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Ryanair’s ‘rebranding’ fails to deliver

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RYANAIR – which flies from Liverpool and Manchester – said customer service was improving “rapidly” as the budget airline looks to recover from its first drop in annual profits in five years.

Post-tax profits were 8 per cent lower at £426.5m in the year to March 31 after a price war left average fares 4 per cent lower at a time of rising fuel costs.

Chief executive Michael O’Leary described the performance as disappointing but said efforts since September to reinvent Ryanair’s image and reputation helped passenger traffic rise 4 per cent in the second half of the year.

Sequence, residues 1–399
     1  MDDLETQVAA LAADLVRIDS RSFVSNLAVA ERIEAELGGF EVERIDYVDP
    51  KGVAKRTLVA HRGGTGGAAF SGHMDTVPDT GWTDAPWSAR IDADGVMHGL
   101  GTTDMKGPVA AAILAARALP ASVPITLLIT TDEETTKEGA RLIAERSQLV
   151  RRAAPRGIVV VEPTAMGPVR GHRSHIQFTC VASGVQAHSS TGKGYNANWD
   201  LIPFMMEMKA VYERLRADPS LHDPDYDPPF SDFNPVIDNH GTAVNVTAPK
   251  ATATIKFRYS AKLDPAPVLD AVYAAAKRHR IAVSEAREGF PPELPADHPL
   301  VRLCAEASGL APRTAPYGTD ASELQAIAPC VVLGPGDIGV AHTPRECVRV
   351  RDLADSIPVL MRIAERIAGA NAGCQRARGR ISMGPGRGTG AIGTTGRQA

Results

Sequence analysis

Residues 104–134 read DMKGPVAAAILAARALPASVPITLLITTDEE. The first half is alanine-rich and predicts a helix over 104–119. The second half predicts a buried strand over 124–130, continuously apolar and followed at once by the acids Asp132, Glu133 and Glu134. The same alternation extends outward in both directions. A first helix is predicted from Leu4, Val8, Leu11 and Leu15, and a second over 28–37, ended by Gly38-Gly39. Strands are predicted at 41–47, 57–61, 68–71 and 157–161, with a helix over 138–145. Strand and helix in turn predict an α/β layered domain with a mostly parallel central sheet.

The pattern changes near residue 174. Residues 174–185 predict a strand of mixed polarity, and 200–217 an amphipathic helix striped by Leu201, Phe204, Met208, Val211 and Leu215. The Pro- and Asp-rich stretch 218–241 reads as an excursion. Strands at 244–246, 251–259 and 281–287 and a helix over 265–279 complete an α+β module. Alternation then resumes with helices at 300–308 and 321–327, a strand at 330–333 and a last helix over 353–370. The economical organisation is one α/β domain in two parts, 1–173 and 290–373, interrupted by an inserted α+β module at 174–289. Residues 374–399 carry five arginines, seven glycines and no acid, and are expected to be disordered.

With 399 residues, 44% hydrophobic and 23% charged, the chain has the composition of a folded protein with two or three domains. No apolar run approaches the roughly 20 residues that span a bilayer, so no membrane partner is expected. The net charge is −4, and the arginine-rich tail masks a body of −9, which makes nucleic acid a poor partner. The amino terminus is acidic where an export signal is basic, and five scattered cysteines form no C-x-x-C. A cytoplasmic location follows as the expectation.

It has also seen better booking trends and fuller planes in the current year.

Changes have included the relaxation of bag restrictions for passengers, a reduction in baggage charges and an easing of booking conditions.

The airline, which operates more than 1,600 routes from 68 bases, has also moved to fully allocated seating on all flights, meaning that passengers who do not pay five euro (£4.10) to select their seats will be allocated them during the 24 hours before the date of departure.

Ryanair made revenues of 1.25 billion euro (£1bn) from ‘extras’ such as reserved seating and higher administration and credit card fees.

This was a rise of 17 per cent on a year earlier and accounted for 25 per cent of all sales in the year.

Fuel and oil costs increased by 7 per cent to two billion euro (£1.6bn) due to higher euro fuel prices and increased flying time.

Staff costs rose by six per cent to 463.6 million euro (£378m), partly after a 2 per cent pay increase granted in April 2013.

The airline also rolled out a new website last November, cutting the number of clicks involved in the booking process from 17 to five.

 

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